To date, nearly two-thirds of the states (29 states plus D.C.) offer state EITCs based on the federal credit (see Appendix A). This approach makes the credit easy for state taxpayers to claim (since they have already calculated the amount of their federal credit) and straightforward for state tax administrators. However, states vary dramatically in the generosity of their credits. The EITC provided by the District of Columbia and New Jersey, for example, amounts to 40 percent of the federal credit (D.C also provides a credit of 100 percent for workers without dependents in the home), while six states have credits that are worth less than 10 percent of the federal credit. Five states (Hawaii, Ohio, Oklahoma, South Carolina and Virginia) allow only a non-refundable credit, limiting the ability of the credit to offset regressive state and local taxes.
New Trends and Forward Momentum
There have been a number of advancements in EITC policy at the state and federal level in recent years. 2017 saw the addition of EITCs in Hawaii, Montana and South Carolina. Montana enacted a refundable credit at three percent of the federal credit. Hawaii’s non-refundable credit, which is set to expire at the end of tax year 2022, is set at 20 percent of the federal credit. South Carolina’s non-refundable credit is set to 125 percent of the federal credit, but because of the way the South Carolina credit is constructed much less of the credit will be taken up.
Louisiana, Massachusetts, New Jersey and Vermont all increased the size of their EITCs in 2018. Louisiana upped its state’s EITC from 3.5 percent to 5 percent of the federal credit for tax years 2019 through 2025. Massachusetts increased its EITC from 23 percent to 30 percent of the federal credit, up from 15 percent in 2015. In New Jersey, lawmakers enacted an EITC increase from 35 percent to 40 percent of the federal credit to be phased in by 2020. And lawmakers in Vermont increased their EITC, currently at 32 percent of the federal credit, to 36 percent.
Delaware legislators passed a bill that would change the state’s nonrefundable 20 percent credit to a refundable 5.9 percent credit. The shift will benefit the state’s lowest income workers and their families, those who earn too little owe state income taxes, but to date, it has not been signed by the governor.
There have also been some recent efforts to expand the EITC for workers without children. While the federal EITC provides a great deal of help for families with children, its impact is quite limited for those without children; the maximum credit is much smaller and the income limits are more restrictive. For instance, under current law, a worker without dependent children in the home who is working full-time at the federal minimum wage is ineligible for the EITC. Yet, if the same worker had children they would receive the maximum EITC. Under the current system, these low-wage workers continue to be taxed deeper into poverty.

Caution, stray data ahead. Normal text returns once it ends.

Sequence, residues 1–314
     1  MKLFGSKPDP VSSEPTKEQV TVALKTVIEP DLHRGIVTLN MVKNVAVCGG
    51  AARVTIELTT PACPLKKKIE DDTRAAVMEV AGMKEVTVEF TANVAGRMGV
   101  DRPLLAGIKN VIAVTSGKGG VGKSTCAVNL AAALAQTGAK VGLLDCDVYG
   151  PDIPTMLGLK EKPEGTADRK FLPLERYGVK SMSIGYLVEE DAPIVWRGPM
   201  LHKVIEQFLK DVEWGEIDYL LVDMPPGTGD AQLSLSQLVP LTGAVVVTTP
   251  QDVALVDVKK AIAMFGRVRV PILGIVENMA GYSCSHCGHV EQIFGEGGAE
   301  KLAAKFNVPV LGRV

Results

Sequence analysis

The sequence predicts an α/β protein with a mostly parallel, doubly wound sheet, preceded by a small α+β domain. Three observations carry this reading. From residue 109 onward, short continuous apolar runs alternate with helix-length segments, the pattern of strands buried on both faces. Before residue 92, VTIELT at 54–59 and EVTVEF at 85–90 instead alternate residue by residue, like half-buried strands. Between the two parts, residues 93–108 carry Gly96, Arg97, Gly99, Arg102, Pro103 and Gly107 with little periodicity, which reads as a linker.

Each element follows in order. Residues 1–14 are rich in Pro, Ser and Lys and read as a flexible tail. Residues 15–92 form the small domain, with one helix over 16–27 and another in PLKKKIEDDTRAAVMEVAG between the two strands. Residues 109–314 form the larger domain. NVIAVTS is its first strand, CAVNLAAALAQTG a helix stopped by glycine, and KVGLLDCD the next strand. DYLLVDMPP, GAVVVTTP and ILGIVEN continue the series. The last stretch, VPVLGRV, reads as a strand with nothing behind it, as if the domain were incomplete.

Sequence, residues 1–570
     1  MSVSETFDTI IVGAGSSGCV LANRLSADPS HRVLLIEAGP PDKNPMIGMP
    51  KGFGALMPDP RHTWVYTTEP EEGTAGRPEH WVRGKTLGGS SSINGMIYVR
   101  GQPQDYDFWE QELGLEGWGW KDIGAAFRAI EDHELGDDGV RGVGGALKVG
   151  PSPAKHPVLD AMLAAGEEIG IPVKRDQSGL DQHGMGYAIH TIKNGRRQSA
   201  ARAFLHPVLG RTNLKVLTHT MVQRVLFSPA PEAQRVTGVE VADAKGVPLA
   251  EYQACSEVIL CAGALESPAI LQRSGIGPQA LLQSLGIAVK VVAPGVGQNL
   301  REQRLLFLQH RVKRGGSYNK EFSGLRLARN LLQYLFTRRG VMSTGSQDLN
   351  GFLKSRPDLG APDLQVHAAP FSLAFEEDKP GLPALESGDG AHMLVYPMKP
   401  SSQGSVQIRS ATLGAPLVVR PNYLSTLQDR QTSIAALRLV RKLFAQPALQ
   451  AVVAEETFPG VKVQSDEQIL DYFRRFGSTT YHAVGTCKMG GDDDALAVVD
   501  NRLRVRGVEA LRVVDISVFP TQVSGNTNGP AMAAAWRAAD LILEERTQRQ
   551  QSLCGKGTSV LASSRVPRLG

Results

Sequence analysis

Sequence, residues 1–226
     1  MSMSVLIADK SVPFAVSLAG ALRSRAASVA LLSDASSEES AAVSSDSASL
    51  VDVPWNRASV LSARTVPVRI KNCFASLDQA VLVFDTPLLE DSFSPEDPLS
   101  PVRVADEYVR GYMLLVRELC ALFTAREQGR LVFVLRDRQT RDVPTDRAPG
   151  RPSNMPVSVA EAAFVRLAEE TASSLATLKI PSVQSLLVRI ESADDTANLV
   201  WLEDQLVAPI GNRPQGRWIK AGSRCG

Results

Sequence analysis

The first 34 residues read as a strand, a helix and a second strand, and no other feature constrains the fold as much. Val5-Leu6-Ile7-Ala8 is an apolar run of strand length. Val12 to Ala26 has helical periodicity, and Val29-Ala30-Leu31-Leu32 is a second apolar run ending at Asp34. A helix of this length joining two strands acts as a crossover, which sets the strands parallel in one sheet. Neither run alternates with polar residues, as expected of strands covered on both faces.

At the state level, the District of Columbia is leading the way. Since January 2015, more childless workers qualify for D.C.’s EITC thanks to higher income eligibility thresholds and a credit expanded to 100 percent of federal (up from 40 percent). California and Maryland join the District of Columbia in their recent expansion of the credit to younger workers. In 2018, California eliminated the age requirement for its EITC for workers without dependents in the home. This action expanded the EITC to young workers between 18 and 24 and workers over 65. California also adjusted its state-level EITC income limits to reflect the state’s minimum wage increase to ensure that those working full-time for minimum wage are eligible to receive the credit. Maryland legislators also removed the state EITC’s minimum age requirement by using some of the revenue gained from the federal tax cut.
Improving Tax Fairness with State EITCs
Whether enacting an EITC in states that do not yet have one or expanding an existing credit to more workers trying to get by on low wages, lawmakers would be wise to continue the positive trend of strengthening and enacting state EITCs and, as a result, improving the fairness of state and local taxes, rewarding work, and helping families meet their basic needs.
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 Carl Davis, Kelly Davis, Matthew Gardner, Harley Heimovitz, Sebastion Johnson, Robert S. McIntyre, Richard Phillips, Alla Sapozhinkova and Meg Wiehe. “Who Pays? A Distributional Analysis of the Tax System in All 50 States, 5th Edition,” Institute on Taxation and Economic Policy, January 2015. www.whopays.org.